Studies have consistently shown that the lay-public buys into all manner of errant medical issues, like the overt staff-drama going on around the patients (trust us: the medical staff really doesn’t care that much); patient survival after CPR (pretty much never) or ER staff running around shouting orders (pretty much never) or doctors saying “screw the rules, just save a life!” (Just as never. Trying too hard to save a life is a guaranteed fast-track to a very short career).

Health researchers have also looked at the negative impact of nurse/physician relationships portrayed in shows like Grey’s Anatomy, and how the distortion of reality confuses patients in real-time. The Center for Nursing Advocacy, for example, says the way these shows bend the truth has serious consequences in real life. When people see doctors doing all the “skill work” nurses in the real world fail to get the respect they deserve. Yet when the Center for Nursing Advocacy approach TV networks and offer to consult on scripts involving more realistic nurses, they get almost no response.

Another, perhaps more important consequence of shows like Code Black, is that people come away convinced that healthcare is more effective than it actually is.

The  movie message is that more testing is better than less; new treatments are better than the old; experimental operations offer the best hope. In fact, fewer tests are often better than more; new drugs are often worse than old drugs; and millions of surgeries are not only dangerous, but totally unnecessary.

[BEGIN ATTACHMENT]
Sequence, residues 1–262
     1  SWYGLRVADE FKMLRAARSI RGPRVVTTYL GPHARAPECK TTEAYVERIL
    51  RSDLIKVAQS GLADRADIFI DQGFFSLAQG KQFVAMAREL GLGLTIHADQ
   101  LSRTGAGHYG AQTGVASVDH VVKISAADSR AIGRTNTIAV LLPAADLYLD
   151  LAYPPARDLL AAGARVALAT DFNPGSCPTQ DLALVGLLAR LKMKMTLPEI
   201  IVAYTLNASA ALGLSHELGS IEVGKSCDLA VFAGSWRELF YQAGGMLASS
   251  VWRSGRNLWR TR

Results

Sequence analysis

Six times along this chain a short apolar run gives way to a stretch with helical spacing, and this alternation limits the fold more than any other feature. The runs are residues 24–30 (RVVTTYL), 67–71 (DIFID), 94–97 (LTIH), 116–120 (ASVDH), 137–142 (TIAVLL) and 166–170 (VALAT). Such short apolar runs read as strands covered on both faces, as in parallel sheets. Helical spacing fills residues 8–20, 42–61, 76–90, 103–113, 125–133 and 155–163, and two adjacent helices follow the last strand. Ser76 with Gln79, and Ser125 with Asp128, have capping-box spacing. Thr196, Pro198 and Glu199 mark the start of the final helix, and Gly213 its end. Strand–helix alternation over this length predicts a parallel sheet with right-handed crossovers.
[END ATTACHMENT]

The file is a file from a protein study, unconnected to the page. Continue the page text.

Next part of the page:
And so, dear readers, we say again: be very careful which gods you pray to.

Cardiopulmonary Resuscitation on Television — Miracles and Misinformation (New England Journal of Medicine)

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One thought on “Myths in Medicine: How Many do YOU Fall For?

  1. @GaryCPR says:

    Article quote “Some lab coat bugs are nasty enough to attack kittens on your lawn. Human or not.”

    Your pet eats a poison or drug Veterinarian will give respiratory assist and any antidote, not torture them with chest compression’s only. Why would we allow this to our women and children?

    Welcome to Canada where the Ontario Poisons Centre suggests we withhold the breath of life to poisoned (drug OD) patients. Hope these clincians don’t suffer any overdose mimic, layperson’s are eager to follow orders in the belief they are saving lives.

    Margaret Thompson, M.D. ‘Street Opioid Resuscitation Recommendations’ For the General Public
    http://www.ontariopoisoncentre.ca/pdf/72758-GenPubguidelines_naloxone_v2.pdf Accessed March 12, 2017

    Margaret Thompson, M.D. ‘Street Opioid Resuscitation Recommendations’ For Pre-Hospital and Hospital Care
    http://www.ontariopoisoncentre.ca/pdf/72759-Hopsitalguidelines_naloxone_v2.pdf Accessed March 12, 2017

    My letter ‘Flaws in Toronto’s Opioid Overdose Prevention Program’ EMN 2015; 37(12):31 With hyperlinks to Public Health Ontario’s training literature.
    http://journals.lww.com/em-news/Fulltext/2015/12000/Letter__Flaws_in_Toronto_s_Opioid_Overdose.14.aspx

    Anosognosia it is a severe form of denial. Anosognosia is quite different than simple or temporary denial. It is not simply denial of a problem, but the genuine inability to recognize that the problem exists. Usually this is caused by brain damage.